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dc.contributor.authorTEAGUE, GEORGE ALLEN.
dc.creatorTEAGUE, GEORGE ALLEN.en_US
dc.date.accessioned2011-10-31T17:00:39Z
dc.date.available2011-10-31T17:00:39Z
dc.date.issued1987en_US
dc.identifier.urihttp://hdl.handle.net/10150/184168
dc.description.abstractIt is argued that the physical remains of industry are valuable repositories of information about a crucial phase in the development of modern society, and that there are uniquely archeological lines of inquiry useful in retrieving this information. Two schools of archeology are involved in the study of past industry. One is industrial archeology, which focuses on monuments and technology; the other is historical archeology, which is more closely aligned with the social sciences. The historical development of both approaches is examined to determine what makes them different from, or similar to, one another. Studies of common industrial site types, including potteries, glassworks, iron works, mines, and communities, are reviewed, and research themes and traditions are extracted and analyzed. The essential character of industrial sites is delineated, with particular attention to questions of time, scale, and site content. The industrial site and the practice of industrial archeology are redefined. Appropriate and effective data collection techniques are suggested, key research questions are proposed, and criteria for assessing site significance are examined.
dc.language.isoenen_US
dc.publisherThe University of Arizona.en_US
dc.rightsCopyright © is held by the author. Digital access to this material is made possible by the University Libraries, University of Arizona. Further transmission, reproduction or presentation (such as public display or performance) of protected items is prohibited except with permission of the author.en_US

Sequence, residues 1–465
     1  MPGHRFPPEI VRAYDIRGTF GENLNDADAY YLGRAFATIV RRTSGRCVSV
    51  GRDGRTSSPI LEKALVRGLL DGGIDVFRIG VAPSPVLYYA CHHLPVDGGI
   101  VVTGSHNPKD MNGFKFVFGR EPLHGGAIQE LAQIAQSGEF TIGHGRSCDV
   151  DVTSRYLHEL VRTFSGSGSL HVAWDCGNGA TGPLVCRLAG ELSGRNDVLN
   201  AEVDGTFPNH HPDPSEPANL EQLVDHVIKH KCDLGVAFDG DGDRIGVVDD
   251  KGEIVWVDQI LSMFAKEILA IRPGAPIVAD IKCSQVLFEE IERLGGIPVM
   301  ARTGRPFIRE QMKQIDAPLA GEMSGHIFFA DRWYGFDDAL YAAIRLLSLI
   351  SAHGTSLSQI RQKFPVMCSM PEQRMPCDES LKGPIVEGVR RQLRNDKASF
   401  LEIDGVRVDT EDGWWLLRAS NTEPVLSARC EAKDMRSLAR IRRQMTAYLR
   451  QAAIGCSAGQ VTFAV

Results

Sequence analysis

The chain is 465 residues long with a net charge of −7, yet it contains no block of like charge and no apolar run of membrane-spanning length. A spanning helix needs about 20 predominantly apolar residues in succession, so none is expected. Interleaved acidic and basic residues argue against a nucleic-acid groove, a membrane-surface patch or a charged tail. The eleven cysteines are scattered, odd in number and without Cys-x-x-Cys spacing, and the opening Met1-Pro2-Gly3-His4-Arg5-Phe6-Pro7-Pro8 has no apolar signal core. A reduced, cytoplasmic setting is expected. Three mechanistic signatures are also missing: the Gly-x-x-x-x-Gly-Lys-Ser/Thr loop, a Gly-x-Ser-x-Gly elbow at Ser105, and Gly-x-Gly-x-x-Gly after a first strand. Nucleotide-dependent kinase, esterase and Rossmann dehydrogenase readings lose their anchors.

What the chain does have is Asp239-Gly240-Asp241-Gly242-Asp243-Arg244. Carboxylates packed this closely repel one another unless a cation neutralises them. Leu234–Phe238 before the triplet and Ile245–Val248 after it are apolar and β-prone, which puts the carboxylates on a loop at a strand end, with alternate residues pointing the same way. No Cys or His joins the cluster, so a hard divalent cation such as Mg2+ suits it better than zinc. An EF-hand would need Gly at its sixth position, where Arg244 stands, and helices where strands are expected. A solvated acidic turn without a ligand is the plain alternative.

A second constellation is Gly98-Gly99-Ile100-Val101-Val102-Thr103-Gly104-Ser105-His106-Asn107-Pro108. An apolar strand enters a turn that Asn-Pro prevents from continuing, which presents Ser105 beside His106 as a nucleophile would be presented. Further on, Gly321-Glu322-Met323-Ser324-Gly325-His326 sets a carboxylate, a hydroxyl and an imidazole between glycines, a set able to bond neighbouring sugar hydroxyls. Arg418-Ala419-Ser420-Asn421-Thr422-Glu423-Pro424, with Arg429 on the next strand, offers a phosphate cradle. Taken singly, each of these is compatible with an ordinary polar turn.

dc.subjectIndustrial archaeology -- United States.en_US
dc.titleTHE ARCHEOLOGY OF INDUSTRY IN NORTH AMERICA.en_US
dc.typetexten_US
dc.typeDissertation-Reproduction (electronic)en_US
dc.identifier.oclc698743805en_US
thesis.degree.grantorUniversity of Arizonaen_US
thesis.degree.leveldoctoralen_US
dc.contributor.committeememberJelinek, Arthuren_US
dc.contributor.committeememberFontana, Bernarden_US
dc.contributor.committeememberLongacre, Williamen_US
dc.identifier.proquest8726827en_US
thesis.degree.disciplineAnthropologyen_US
thesis.degree.disciplineGraduate Collegeen_US
thesis.degree.namePh.D.en_US
refterms.dateFOA2018-07-13T00:44:44Z
html.description.abstractIt is argued that the physical remains of industry are valuable repositories of information about a crucial phase in the development of modern society, and that there are uniquely archeological lines of inquiry useful in retrieving this information. Two schools of archeology are involved in the study of past industry. One is industrial archeology, which focuses on monuments and technology; the other is historical archeology, which is more closely aligned with the social sciences. The historical development of both approaches is examined to determine what makes them different from, or similar to, one another. Studies of common industrial site types, including potteries, glassworks, iron works, mines, and communities, are reviewed, and research themes and traditions are extracted and analyzed. The essential character of industrial sites is delineated, with particular attention to questions of time, scale, and site content. The industrial site and the practice of industrial archeology are redefined. Appropriate and effective data collection techniques are suggested, key research questions are proposed, and criteria for assessing site significance are examined.


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